The European Securities and Markets Authority (ESMA) finds that national regulators are giving greater attention to best execution requirements under the Markets in Financial Instruments Directive (MiFID) in the follow-up report to its Peer Review published in 2015.
Best execution refers to the obligation under article 21 of MiFID for investment firms to execute orders on terms most favourable to their clients as an investor protection measure. ESMA conducted a peer review on how national regulators supervised and enforced these provisions for 29 countries in the European Economic Area from 1 January 2011 to 31 December 2012 and published its findings in 2015. The peer review found that the level of implementation of best execution provisions, as well as the level of convergence of supervisory practices by regulators, was relatively low. In particular, 15 regulators were found not to apply or only partly apply criteria considered essential for ensuring effective best execution.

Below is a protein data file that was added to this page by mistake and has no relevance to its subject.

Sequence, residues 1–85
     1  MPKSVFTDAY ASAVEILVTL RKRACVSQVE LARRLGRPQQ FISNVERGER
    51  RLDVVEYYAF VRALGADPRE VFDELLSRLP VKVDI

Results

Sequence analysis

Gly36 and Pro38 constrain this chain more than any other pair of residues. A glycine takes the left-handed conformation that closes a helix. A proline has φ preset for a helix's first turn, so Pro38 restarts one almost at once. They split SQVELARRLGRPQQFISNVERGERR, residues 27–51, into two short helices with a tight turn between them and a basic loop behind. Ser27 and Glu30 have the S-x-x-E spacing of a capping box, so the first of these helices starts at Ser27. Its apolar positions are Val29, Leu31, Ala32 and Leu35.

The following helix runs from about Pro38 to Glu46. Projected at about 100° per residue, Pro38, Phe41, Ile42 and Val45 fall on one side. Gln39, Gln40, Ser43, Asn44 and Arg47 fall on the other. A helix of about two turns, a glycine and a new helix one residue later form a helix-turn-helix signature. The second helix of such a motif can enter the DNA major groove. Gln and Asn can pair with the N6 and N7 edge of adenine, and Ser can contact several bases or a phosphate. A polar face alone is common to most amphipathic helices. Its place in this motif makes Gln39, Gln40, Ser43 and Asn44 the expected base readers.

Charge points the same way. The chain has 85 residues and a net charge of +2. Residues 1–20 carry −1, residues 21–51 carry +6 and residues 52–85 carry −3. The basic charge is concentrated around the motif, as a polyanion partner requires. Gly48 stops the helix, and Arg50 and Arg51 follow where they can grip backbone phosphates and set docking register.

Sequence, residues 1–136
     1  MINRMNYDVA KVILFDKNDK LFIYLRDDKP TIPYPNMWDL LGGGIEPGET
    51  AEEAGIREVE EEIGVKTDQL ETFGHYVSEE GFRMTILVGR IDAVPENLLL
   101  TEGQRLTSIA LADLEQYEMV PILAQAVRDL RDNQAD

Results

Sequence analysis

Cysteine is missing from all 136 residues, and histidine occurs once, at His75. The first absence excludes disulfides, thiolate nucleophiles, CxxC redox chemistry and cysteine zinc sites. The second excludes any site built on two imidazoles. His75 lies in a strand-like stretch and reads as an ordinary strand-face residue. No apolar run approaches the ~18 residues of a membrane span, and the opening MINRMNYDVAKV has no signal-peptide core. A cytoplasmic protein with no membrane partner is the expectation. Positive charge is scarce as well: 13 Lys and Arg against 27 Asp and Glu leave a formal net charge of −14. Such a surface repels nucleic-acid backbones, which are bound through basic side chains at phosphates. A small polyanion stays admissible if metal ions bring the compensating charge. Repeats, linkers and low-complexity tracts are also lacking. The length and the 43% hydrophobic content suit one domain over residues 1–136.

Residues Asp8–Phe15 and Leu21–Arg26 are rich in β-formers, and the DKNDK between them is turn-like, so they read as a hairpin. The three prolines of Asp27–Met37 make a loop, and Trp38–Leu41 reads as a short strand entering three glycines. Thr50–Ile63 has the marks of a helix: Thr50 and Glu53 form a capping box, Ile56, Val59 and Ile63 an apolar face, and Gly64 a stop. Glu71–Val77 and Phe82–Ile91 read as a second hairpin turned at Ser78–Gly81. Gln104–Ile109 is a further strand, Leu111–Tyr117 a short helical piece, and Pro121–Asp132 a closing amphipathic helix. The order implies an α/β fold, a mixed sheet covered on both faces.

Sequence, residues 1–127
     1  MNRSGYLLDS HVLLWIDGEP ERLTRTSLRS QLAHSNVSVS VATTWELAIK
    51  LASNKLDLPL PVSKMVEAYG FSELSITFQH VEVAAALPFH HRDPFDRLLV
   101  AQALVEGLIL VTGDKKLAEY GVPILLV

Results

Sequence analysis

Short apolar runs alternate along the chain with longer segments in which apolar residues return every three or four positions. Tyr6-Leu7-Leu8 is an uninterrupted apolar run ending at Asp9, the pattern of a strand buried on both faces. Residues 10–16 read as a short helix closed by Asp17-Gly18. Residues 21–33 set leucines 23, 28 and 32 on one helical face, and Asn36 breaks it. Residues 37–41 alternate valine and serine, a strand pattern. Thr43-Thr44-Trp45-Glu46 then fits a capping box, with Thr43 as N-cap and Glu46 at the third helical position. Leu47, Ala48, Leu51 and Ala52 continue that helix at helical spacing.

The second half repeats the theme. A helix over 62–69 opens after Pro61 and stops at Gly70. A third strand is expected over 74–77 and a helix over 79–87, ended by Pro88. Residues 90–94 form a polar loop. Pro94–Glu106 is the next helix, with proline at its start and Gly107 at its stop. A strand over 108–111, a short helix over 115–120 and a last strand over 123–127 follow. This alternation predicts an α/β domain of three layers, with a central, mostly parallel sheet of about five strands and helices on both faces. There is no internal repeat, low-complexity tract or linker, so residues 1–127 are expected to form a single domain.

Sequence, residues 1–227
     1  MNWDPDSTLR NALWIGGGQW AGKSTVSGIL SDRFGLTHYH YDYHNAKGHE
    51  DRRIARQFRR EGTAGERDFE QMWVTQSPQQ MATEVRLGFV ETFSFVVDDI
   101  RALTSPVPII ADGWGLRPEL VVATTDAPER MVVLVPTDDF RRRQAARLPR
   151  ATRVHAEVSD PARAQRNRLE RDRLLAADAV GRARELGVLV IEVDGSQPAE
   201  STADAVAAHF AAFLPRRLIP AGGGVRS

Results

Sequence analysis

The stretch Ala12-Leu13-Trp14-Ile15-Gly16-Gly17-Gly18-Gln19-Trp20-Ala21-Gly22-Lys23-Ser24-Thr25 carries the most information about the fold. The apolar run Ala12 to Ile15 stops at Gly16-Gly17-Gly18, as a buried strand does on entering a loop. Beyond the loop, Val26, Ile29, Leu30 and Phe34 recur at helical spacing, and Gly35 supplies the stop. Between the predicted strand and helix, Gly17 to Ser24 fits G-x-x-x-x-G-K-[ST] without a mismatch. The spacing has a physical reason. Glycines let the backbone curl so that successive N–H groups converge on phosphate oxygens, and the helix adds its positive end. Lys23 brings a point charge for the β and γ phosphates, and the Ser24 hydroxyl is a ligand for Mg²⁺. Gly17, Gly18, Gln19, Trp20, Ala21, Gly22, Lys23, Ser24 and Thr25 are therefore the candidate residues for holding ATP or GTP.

Consequently, ESMA launched its follow-up work in September 2016 to assess whether national regulators have taken steps to address the shortcomings identified in the peer review. In its report, ESMA finds there are clear improvements in the level of attention paid to the supervision of best execution requirements and that in general, regulators are adopting a more pro-active supervisory approach to monitoring compliance. The below chart provides an overview of the number of deficiencies identified in the 2015 peer review and the number of deficiencies that still remain to be addressed.
The ESMA statement and related information can be found here.